(5) Clear and concise lettered statements of the facts, on which petitioner bases the assignments of error, except with respect to those assignments of error as to which the burden of proof is on the Commissioner.
Other issues, raised by the appellant in the Tax Court, but not argued in his brief here, have been clearly established adversely to the taxpayer's position. (1) A taxpayer may opt to seek a redetermination in Tax Court, 26 U.S.C. Sec. 6213, or can sue for a refund under 28 U.S.C. Sec. 1491(a) and obtain a jury trial in district court, assuming a material factual dispute exists. Sullivan v. United States, 788 F.2d 813, 816 (1st Cir.1986). There is no right to a jury trial in Tax Court. Phillips v. Commissioner, 283 U.S. 589, 599 n. 9, 51 S.Ct. 608, 612 n. 9, 75 L.Ed. 1289 (1931); Coleman v. Commissioner, 791 F.2d 68, 71 (7th Cir.1986); McCoy v. Commissioner, 696 F.2d 1234, 1237 (9th Cir.1983). (2) A taxpayer cannot assert a blanket Fifth Amendment claim in order to avoid civil tax liability, Eicher v. United States, 774 F.2d 27, 29 (1st Cir.1985), and such unsupported claims of possible incrimination have been rejected as frivolous. Id.; Wright v. Commissioner, 752 F.2d 1059, 1062 (5th Cir.1985). (3) It has long been the law, in this circuit and elsewhere, that the Commissioner's deficiency determination is presumed correct, and, in seeking a redetermination, the taxpayer bears the burden of proof and persuasion to show otherwise. United States v. Rexach, 482 F.2d 10, 15-17 (1st Cir.), cert. denied, 414 U.S. 1039, 94 S.Ct. 540, 38 L.Ed.2d 330 (1973); see United States v. Janis, 428 U.S. 433, 440-442, 96 S.Ct. 3021, 3025-3026, 49 L.Ed.2d 1046 (1976); Tax Court Rule 142(a). (4) The constitutionality, competency and jurisdiction of the tax system is well established, Crain v. Commissioner, 737 F.2d 1417, 1417-18 (5th Cir.1984); Sparrow v. Commissioner, 748 F.2d 914, 915 (4th Cir.1984); Edwards v. Commissioner, 680 F.2d 1268, 1270 (9th Cir.1982), and contrary taxpayer assertions are frivolous. Madison v. United States, 758 F.2d 573, 574 (11th Cir.1985)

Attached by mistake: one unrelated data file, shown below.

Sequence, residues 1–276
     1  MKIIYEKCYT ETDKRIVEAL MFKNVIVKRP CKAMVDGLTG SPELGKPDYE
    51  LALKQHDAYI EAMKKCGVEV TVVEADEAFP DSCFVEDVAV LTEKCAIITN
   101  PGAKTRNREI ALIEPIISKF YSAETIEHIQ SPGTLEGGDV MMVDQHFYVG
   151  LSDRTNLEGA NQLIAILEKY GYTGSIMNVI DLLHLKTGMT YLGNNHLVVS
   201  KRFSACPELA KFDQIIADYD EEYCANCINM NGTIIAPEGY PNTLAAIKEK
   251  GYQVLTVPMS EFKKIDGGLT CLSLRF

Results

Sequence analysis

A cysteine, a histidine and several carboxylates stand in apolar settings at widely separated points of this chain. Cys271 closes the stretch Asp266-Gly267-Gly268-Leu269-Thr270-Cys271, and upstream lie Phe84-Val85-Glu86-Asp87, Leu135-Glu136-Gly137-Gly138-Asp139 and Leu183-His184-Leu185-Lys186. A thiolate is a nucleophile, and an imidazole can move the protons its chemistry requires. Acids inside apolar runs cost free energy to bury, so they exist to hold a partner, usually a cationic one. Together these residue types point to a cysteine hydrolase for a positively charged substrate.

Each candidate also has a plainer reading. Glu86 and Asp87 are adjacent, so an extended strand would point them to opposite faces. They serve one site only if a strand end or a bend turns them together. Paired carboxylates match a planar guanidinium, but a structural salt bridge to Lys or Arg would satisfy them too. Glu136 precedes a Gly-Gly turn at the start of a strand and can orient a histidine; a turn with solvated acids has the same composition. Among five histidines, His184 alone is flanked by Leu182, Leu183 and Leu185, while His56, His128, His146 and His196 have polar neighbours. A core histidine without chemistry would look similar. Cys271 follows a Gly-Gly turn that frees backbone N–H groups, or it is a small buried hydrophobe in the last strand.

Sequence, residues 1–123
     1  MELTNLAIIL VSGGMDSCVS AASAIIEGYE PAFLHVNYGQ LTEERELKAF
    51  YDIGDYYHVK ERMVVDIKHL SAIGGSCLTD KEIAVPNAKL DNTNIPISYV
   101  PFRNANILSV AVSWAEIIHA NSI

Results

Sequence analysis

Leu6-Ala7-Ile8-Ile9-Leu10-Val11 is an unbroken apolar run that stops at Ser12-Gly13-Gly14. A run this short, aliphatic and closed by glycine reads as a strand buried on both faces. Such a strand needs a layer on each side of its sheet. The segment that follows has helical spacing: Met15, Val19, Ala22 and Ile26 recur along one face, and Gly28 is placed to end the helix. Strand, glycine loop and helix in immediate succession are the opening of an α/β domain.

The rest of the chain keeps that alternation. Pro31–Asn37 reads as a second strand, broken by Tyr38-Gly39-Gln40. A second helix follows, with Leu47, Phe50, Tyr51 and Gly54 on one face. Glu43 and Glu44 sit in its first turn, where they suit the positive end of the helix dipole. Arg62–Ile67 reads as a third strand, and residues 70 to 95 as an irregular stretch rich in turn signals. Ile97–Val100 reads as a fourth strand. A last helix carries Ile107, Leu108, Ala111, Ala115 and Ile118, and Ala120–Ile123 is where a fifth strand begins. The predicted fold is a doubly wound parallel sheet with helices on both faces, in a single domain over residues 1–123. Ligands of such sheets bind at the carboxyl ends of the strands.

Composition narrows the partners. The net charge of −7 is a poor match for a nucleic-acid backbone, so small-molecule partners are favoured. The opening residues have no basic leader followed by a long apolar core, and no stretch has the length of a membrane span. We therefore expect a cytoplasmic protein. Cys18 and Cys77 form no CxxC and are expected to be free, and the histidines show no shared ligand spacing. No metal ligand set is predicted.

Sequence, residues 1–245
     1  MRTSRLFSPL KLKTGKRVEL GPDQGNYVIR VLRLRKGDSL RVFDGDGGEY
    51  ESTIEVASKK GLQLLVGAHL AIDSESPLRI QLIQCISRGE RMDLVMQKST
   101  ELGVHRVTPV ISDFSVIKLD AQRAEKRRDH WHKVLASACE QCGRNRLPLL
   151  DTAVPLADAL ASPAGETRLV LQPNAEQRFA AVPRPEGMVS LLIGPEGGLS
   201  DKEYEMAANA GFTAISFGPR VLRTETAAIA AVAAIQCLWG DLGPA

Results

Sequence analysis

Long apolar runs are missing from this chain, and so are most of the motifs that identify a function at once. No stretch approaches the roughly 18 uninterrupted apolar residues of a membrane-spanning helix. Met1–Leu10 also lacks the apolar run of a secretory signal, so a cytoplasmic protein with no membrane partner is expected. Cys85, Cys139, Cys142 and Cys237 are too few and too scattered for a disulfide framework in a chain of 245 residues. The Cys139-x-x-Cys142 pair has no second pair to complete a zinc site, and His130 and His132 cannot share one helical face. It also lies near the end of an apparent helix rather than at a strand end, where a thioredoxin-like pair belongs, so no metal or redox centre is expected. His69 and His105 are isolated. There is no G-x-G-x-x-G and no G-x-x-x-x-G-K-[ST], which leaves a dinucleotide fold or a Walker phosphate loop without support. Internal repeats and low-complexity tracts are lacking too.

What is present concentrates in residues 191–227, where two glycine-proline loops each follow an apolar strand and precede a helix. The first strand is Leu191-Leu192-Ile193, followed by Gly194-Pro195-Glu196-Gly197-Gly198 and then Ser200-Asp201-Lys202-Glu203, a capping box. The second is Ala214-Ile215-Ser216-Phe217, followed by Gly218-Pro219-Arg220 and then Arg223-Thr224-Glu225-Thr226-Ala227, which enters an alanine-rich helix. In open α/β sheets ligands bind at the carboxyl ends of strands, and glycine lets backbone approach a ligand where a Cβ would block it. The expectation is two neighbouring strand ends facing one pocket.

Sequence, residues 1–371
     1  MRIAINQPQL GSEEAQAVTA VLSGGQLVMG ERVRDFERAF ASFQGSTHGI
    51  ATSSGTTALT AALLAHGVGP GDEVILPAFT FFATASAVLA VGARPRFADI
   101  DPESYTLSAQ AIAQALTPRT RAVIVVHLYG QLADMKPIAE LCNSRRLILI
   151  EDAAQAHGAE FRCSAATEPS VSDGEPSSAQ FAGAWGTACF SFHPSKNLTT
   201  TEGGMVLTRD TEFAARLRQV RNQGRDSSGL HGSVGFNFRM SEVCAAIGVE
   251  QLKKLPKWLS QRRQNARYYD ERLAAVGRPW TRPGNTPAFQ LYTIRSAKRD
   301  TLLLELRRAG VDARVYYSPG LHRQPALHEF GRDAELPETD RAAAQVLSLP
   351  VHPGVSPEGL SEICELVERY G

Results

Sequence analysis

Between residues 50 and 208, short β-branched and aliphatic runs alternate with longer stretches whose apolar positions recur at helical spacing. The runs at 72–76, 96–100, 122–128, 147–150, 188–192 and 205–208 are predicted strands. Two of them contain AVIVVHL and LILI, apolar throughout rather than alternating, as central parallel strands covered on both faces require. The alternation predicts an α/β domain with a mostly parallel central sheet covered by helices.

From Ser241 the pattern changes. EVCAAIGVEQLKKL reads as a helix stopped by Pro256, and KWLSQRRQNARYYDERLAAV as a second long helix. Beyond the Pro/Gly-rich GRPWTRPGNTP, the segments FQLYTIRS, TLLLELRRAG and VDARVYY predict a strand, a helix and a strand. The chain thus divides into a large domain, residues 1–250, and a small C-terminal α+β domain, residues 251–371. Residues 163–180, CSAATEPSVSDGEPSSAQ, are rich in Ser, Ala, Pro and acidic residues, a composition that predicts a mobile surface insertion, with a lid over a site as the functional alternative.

Connor v. Commissioner, 770 F.2d 17 (2d Cir.1985) (double costs and $2,000 attorney fee award); United States v. Wissig, 808 F.2d 836 (4th Cir.1986) (unpublished disposition) ($1,500 sanction); Wright v. Commissioner, 752 F.2d 1059 (5th Cir.1985) (double costs and reasonable fees); Schoffner v. Commissioner, 812 F.2d 292 (6th Cir.1987) (flat damage fee of $1,200); Coleman v. Commissioner of Internal Revenue, 791 F.2d 68 (7th Cir.1986) (double costs and $1,500 sanction); Haywood v. United States, 762 F.2d 706 (8th Cir.1985) (double costs and attorney fees); Grimes v. Commissioner, 806 F.2d 1451 (9th Cir.1986) ($1,500 in damages); Casper v. Commissioner, 805 F.2d 902 (10th Cir.1986) (flat $1,500 sanction rule); Pollard v. Commissioner, 816 F.2d 603 (11th Cir.1987) ($1,500 sanction); Mathes v. Commissioner, 788 F.2d 33 (D.C.Cir.) (double costs and attorney fees), cert. denied, --- U.S. ----, 107 S.Ct. 474, 93 L.Ed.2d 418 (1986)
In relevant part Rule 33(b) states:
(b) Effect of Signature. The signature of counsel or a party constitutes a certificate by him that he has read the pleading; that to the best of his knowledge, information, and belief formed after reasonable inquiry, it is well grounded in fact and is warranted by existing law or a good faith argument for the extension, modification or reversal of existing law, and that it is not interposed for any improper purpose, such as to harass or to cause unnecessary delay or needless increase in the cost of litigation. (emphasis added).